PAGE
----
Is morning-after pill really illegal? Even Health Department is confused

The health promotion unit changes its definition of emergency contraception for the third time: it’s no longer ‘illegal’

Is the morning-after pill really illegal? It’s the question that everyone keeps asking and one that the Health Promotion and Disease Prevention Directorate has now apparently decided on.

In the latest update of its sexual health webpage, the directorate has forfeited its previous use of the word “illegal” to describe emergency contraception. The move came on the day that Anthony Serracino Inglott, chairman of the Medicines Authority, told the state broadcaster that the morning-after pill is not an abortifacient.

In less than a week, the government-administered sexual health webpage on emergency contraception underwent at least three changes.

In a panicked reaction following the presentation of a judicial protest by the Women’s Rights Foundation, the directorate moved quickly to dub the morning-after pill “illegal”. The move, however, resulted in the removal of all information on the page, leaving nothing but the sentence: “Emergency contraception is not available in Malta as it is unlicensed and illegal.”

The Women’s Rights Foundation – who are pushing for the licensing of the morning-after pill – promptly took to social media to question what had prompted the page update. Within minutes, the webpage was restored to its original version. Reference to the pill's alleged illegality were retained at the top spot, while references to the Catholic Church’s position on the matter were removed.

But at the start of a new week, the webpage was once again edited, removing the top reference to its illegality.

The webpage underwent several changes between Friday and Monday
The webpage underwent several changes between Friday and Monday

According to, emergency contraceptive drugs, irrespective of type, are not licensed in Malta, and therefore cannot be purchased from Maltese pharmacies.

The EU's Directive on the Community code relating to medicinal products for human use allows each member state to retain sovereignty over licensing of contraceptives and abortifacients. Article 4 states that: “this Directive shall not affect the application of national legislation prohibiting or restricting the sale, supply or use of medicinal products as contraceptives or abortifacients. The Member States shall communicate the national legislation concerned to the Commission.”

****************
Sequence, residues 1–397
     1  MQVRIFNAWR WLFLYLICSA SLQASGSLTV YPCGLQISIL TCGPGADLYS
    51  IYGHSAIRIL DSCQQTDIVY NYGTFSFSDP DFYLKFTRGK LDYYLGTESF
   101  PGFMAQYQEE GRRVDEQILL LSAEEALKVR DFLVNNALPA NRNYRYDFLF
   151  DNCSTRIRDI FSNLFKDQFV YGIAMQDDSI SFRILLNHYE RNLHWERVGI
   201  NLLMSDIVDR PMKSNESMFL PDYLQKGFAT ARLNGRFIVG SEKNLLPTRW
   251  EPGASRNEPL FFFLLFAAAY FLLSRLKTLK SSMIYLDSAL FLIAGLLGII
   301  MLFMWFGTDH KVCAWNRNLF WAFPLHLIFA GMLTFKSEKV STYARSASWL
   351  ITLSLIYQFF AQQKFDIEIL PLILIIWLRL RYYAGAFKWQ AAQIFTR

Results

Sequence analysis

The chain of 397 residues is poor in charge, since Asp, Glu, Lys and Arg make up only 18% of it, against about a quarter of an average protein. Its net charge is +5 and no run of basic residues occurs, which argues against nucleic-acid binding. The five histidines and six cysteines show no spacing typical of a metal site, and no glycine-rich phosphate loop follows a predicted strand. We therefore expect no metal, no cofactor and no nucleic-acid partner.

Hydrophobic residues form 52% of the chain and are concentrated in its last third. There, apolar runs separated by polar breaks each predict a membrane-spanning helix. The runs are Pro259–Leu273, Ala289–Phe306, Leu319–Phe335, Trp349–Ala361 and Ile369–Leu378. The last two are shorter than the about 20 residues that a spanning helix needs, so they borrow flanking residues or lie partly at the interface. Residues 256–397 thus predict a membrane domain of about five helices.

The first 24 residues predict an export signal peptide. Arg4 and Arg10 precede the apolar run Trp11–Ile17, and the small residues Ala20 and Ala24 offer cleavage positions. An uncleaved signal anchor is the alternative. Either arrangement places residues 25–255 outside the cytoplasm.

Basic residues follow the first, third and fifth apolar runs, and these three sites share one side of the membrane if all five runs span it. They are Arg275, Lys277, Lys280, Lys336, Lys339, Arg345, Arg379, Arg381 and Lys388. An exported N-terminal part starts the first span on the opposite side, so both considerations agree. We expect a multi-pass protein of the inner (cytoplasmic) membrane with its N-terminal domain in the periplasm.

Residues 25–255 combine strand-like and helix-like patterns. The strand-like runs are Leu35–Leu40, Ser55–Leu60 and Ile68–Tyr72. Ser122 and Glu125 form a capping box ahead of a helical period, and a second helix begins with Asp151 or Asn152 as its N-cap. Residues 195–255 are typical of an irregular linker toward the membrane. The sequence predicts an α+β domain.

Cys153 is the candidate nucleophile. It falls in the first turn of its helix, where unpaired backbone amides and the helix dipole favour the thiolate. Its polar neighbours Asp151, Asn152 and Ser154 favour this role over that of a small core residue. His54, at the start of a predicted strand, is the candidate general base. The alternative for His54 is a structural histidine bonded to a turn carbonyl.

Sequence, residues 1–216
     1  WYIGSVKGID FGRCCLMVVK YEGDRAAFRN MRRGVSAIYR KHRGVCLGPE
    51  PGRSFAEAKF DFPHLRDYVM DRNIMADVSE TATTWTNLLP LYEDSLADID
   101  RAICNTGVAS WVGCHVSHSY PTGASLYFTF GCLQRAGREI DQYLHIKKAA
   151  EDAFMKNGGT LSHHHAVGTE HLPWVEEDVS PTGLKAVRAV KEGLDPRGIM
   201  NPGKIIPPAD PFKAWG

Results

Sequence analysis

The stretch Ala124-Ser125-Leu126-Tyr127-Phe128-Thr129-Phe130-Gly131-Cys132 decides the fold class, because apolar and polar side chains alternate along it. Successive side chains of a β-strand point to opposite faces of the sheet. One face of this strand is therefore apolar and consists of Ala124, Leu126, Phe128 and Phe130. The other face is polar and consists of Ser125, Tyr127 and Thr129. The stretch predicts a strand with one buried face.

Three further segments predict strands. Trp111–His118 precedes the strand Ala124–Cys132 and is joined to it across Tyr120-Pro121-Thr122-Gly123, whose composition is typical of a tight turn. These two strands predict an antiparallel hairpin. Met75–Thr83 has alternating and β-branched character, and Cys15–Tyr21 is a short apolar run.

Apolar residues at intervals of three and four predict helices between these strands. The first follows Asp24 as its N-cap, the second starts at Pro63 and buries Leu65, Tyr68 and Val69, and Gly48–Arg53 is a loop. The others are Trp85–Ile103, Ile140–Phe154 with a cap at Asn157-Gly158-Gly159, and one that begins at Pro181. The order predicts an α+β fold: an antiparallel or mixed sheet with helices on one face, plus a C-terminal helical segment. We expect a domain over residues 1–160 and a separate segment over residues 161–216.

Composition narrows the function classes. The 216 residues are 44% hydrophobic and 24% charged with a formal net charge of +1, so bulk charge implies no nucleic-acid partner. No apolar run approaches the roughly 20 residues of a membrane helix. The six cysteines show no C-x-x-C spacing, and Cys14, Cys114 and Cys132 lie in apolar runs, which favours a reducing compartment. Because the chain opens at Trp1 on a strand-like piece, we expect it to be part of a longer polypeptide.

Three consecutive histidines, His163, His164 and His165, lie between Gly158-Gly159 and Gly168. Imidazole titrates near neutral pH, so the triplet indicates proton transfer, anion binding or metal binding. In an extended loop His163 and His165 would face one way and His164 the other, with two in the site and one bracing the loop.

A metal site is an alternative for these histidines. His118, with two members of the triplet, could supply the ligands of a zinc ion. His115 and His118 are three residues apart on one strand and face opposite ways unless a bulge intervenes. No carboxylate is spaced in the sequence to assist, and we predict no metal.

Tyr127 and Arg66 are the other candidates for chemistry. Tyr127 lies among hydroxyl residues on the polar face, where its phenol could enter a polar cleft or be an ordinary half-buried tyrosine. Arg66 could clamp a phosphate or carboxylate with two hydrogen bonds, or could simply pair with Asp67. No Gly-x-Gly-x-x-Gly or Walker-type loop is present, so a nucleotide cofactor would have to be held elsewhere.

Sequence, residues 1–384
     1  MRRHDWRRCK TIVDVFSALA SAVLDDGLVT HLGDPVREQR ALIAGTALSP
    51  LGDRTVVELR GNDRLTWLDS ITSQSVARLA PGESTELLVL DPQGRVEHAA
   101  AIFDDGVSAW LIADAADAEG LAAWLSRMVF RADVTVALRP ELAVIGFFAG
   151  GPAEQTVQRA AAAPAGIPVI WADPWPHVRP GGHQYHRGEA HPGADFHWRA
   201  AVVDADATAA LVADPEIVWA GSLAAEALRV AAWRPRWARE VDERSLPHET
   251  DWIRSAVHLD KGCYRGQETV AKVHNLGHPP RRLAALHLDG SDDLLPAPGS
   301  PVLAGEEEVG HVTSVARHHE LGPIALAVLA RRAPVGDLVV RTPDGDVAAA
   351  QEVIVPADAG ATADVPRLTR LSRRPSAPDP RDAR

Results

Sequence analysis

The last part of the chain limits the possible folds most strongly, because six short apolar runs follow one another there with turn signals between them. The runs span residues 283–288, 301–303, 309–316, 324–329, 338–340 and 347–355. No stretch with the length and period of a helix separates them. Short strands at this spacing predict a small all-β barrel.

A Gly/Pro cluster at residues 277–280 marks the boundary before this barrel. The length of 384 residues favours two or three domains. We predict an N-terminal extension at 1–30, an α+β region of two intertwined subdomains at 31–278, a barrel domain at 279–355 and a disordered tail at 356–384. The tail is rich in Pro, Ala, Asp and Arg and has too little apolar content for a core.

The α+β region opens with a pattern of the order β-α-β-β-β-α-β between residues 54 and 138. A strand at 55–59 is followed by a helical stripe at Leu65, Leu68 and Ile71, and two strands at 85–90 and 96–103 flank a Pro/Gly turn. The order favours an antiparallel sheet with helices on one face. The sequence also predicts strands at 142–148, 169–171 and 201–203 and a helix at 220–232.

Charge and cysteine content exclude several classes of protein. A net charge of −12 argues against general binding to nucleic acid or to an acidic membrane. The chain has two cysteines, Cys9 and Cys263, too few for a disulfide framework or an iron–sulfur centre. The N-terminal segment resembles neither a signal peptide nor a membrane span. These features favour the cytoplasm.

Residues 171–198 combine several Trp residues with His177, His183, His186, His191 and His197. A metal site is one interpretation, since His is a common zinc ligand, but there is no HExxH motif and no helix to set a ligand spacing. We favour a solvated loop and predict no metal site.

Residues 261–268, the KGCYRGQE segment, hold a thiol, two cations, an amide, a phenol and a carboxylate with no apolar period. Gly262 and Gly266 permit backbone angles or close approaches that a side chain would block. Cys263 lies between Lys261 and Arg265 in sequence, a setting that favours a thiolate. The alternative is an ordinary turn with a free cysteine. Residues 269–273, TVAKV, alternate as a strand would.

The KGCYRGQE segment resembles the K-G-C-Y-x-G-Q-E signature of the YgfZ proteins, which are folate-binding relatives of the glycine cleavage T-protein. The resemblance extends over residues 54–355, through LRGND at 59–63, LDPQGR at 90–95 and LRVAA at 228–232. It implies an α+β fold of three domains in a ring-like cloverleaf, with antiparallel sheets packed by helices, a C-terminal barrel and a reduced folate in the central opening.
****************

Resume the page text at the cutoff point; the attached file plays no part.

On emergency contraception, the World Health Organisation says that “emergency contraception is effective only in the first few days following intercourse before the ovum is released from the ovary and before the sperm fertilizes the ovum. Emergency contraception cannot interrupt an established pregnancy or harm a developing embryo”.

On the other hand, Malta’s health promotion directorate says: “The action of the hormonal emergency contraception will depend on when in relation to ovulation they are administered. Morning-after pills are high-dose hormonal birth control pills that work by stopping or delay ova (the eggs) being released from the ovaries, inhibiting sperm to prevent fertilisation, or preventing the implantation of a fertilized egg.

“The ethical debate on this issue centres on whether a pregnancy begins at fertilization or at a later stage of the reproductive cycle, such as at implantation.”

The WRF welcomed the latest updated version, which it said better reflected reality.

“We are however concerned that the fact that Emergency Contraception is not abortifacient is not clearly stated,” the Foundation said.

“That in itself would remove the need to refer to ‘ethical debate’ as stated on the site and at the same time provide public with more accurate information.”

Health Minister Chris Fearne, speaking on ONE Radio this morning, said the government would see what the experts have to say, listen to all arguments and take a decision “which make sense, scientifically.”

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